A boundary is a line or limit that separates what you’re okay with from what you’re not. It can be helpful to think back to the visual of the fence. Everything inside the fence is what you like and want to embrace in your life. Everything outside the fence is what you don’t like and don’t want to be part of your life. While rigid fencing can lead to isolation, weak fencing can lead to trespassing. The best kinds of fences have gates that allow flexibility in who can come in and go out to honor changing relationships, circumstances, and healing. A healthy boundary allows you to open the gate to new people, friendships, and support systems while still holding firm to the limits that will help you feel secure. For more examples of what rigid, weak, and healthy boundaries look like, you can refer to the chart below.
Those with Rigid Boundaries
- Use boundaries to push people away.
- Use boundaries to try controlling other people.
- Are not open to hearing others’ viewpoints.
- Are overprotective of personal information.
- Aren’t willing to appropriately adapt boundaries to different contexts.
- Say no to things simply because they are outside of their comfort zone.
- Seem detached.
- Believe their own boundaries are more important than others’ boundaries.
Those with Weak Boundaries
- Don’t set boundaries for fear that others won’t approve.
- Are controlled by other people’s behaviors and opinions.
- Accept abuse or disrespect from others because they feel it’s what they deserve.
- Overshare details of past trauma with others, even new acquaintances.
- Feel it’s their job to fix everyone else’s problems.
- Don’t say no to others, even when feeling uncomfortable or emotionally overwhelmed.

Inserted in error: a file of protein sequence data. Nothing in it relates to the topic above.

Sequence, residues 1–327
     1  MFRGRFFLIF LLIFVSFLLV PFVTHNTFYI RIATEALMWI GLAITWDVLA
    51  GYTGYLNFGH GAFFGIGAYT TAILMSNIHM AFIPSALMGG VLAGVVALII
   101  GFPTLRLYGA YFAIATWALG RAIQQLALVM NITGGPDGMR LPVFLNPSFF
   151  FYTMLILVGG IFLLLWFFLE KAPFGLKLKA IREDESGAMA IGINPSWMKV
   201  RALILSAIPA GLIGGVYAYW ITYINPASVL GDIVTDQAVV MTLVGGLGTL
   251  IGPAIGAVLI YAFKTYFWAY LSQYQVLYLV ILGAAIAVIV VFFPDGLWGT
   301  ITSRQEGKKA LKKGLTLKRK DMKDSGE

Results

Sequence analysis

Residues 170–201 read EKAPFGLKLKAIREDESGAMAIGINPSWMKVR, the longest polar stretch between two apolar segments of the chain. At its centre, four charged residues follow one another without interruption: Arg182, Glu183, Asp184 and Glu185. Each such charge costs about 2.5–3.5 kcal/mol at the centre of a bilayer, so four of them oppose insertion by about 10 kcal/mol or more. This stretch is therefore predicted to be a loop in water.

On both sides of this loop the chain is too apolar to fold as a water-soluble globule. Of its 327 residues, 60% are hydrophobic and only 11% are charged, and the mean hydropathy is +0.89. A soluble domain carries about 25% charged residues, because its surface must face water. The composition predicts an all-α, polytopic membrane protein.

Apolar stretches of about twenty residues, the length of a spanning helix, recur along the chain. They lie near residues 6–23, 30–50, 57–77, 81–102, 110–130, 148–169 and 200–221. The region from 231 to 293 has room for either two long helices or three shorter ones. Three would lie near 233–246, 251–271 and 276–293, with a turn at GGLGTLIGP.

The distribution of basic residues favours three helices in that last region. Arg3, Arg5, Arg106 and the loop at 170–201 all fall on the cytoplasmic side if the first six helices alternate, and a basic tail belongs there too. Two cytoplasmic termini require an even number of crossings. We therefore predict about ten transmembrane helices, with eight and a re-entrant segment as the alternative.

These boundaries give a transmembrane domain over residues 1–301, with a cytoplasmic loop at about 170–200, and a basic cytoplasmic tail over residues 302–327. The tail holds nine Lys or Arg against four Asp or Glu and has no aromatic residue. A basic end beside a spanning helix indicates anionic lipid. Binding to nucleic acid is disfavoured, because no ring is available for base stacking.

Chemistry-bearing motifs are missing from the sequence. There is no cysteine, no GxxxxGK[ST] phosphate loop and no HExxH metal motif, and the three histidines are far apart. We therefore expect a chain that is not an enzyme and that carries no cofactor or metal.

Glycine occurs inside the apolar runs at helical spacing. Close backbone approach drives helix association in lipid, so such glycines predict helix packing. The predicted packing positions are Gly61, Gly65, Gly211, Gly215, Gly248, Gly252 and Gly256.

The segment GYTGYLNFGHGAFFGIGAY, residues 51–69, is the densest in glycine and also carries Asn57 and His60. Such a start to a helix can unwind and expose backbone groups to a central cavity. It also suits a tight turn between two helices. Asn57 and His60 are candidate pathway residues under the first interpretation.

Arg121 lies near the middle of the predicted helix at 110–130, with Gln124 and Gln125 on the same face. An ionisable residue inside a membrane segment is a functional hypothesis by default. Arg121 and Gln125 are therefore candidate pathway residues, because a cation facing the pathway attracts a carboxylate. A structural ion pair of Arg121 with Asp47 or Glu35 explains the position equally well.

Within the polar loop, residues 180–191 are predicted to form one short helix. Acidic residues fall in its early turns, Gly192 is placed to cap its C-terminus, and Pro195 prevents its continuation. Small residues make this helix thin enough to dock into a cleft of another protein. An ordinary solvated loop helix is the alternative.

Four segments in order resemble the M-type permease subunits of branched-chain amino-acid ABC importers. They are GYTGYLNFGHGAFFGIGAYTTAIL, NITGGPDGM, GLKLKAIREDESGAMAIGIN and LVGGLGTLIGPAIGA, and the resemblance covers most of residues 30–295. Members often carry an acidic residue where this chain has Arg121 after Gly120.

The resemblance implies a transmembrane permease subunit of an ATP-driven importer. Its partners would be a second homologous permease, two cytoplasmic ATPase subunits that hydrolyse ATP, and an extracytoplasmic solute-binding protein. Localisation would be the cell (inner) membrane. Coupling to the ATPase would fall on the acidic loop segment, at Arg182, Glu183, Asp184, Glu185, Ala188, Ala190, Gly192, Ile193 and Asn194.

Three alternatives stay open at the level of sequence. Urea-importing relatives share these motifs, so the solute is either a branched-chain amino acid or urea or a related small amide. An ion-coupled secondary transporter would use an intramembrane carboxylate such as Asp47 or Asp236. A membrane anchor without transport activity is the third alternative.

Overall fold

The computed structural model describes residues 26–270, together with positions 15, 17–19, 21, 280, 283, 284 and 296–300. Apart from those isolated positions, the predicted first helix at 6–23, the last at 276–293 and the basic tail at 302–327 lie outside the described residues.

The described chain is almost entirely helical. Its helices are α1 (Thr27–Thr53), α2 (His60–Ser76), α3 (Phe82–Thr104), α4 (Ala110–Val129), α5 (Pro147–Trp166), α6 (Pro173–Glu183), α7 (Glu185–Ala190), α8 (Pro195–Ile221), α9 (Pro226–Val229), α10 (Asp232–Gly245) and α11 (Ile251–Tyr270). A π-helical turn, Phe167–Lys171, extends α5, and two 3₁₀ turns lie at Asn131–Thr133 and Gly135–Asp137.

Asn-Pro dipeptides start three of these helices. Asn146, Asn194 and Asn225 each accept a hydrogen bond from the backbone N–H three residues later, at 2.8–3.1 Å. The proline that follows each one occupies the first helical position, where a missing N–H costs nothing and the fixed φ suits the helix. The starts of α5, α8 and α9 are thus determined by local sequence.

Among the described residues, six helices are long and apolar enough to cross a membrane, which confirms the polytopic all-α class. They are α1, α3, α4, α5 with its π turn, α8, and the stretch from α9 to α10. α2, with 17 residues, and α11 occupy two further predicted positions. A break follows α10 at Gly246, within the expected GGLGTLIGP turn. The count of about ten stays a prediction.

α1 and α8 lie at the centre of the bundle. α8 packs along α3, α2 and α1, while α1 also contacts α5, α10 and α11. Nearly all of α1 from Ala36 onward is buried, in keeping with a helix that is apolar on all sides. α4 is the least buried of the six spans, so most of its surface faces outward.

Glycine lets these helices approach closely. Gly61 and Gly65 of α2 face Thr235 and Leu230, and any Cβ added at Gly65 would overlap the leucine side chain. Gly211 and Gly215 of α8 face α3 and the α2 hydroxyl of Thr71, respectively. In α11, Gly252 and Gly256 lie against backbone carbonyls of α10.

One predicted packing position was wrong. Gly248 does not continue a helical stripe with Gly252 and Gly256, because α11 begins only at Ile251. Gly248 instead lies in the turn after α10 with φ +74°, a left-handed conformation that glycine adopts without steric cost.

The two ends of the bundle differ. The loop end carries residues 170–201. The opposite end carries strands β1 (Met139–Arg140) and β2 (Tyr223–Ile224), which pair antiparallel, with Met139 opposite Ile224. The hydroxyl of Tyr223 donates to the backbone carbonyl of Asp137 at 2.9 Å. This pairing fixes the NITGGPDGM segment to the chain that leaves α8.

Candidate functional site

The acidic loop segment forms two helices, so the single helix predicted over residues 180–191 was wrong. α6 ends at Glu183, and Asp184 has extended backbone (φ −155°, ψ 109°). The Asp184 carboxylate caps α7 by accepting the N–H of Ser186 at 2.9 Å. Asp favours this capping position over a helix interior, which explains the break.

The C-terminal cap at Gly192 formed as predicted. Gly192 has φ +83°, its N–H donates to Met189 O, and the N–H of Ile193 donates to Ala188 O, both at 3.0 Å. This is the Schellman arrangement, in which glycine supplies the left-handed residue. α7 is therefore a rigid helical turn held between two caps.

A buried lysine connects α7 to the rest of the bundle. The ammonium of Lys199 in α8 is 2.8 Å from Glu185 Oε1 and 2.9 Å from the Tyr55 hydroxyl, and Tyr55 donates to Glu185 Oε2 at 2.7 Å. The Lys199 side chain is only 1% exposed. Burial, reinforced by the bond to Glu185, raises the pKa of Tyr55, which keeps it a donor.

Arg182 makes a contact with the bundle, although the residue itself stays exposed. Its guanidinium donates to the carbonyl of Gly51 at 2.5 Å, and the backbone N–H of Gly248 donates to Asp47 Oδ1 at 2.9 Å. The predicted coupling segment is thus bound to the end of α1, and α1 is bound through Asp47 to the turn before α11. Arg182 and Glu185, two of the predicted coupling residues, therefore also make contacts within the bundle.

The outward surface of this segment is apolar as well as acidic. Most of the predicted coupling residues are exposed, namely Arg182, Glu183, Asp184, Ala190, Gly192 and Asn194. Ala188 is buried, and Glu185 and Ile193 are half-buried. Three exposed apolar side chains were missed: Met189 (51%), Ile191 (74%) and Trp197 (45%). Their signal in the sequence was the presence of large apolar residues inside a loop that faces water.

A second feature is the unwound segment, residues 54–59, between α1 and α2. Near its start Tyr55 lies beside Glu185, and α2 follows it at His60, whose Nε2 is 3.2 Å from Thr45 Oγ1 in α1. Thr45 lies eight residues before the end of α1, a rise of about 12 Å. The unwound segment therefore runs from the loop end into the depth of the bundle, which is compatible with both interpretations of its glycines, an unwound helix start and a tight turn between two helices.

- Believe others' boundaries are important but hesitate to establish their own.
- Reinforce boundaries inconsistently or don’t reinforce boundaries at all.
Those with Healthy Boundaries
- Stand up for personal values and don’t compromise out of fear or doubt.
- Consistently communicate and reinforce boundaries.
- Are firm, but not rigid, in reinforcing personal boundaries.
- Respect their own boundaries and the boundaries of others.
- Develop emotional closeness at a pace that is comfortable and best suits their healing journey.
- Share personal information appropriately with others.
- Willing to try new things as long as values aren’t compromised.
- Place trust in those who have earned it.
Setting a healthy boundary generally involves:
- Identifying a relationship or situation in your life where you may have a boundary that is currently too weak or too rigid.
- Determining how you’d like to change that boundary into something healthier.
- Planning an action to communicate that change.
let's look at an example:
Over the past year you have been attending therapy and practicing strategies to help manage the trauma of child sexual abuse. Your partner is very supportive and has been doing all they can to help you along your healing journey and be the supporter you need.
However, over the past few months you have started refusing to go to any social engagements, family events, or work functions with your partner because you are worried about becoming triggered. Each time your partner asks if you’ll go with them to one of these social settings, you say no. While your partner has been patient and empathetic, you feel that your boundary may be too rigid and is putting a strain on the relationship. So you decide to adjust the boundary by laying out the details (see example to the side).
Now, it’s your turn!
Next, think about an area of the relationship (or of your life in general) that you’d like to focus on, and write that area down next to the relationship. Here are a few examples:
Think of your breath as an anchor that holds you to the present. Your breathing serves you right now, in this moment. You cannot take breaths for the past or for the future—only for your present needs.
So let’s begin.
Repeat this for 2–5 minutes, or if you are using the exercise to help manage a trigger, repeat these steps as many times as necessary to feel grounded in the present moment. You may also choose to place both hands over your heart as you envision it expanding and contracting. As your heartbeats slow, your breathing will get deeper, continuing to calm you.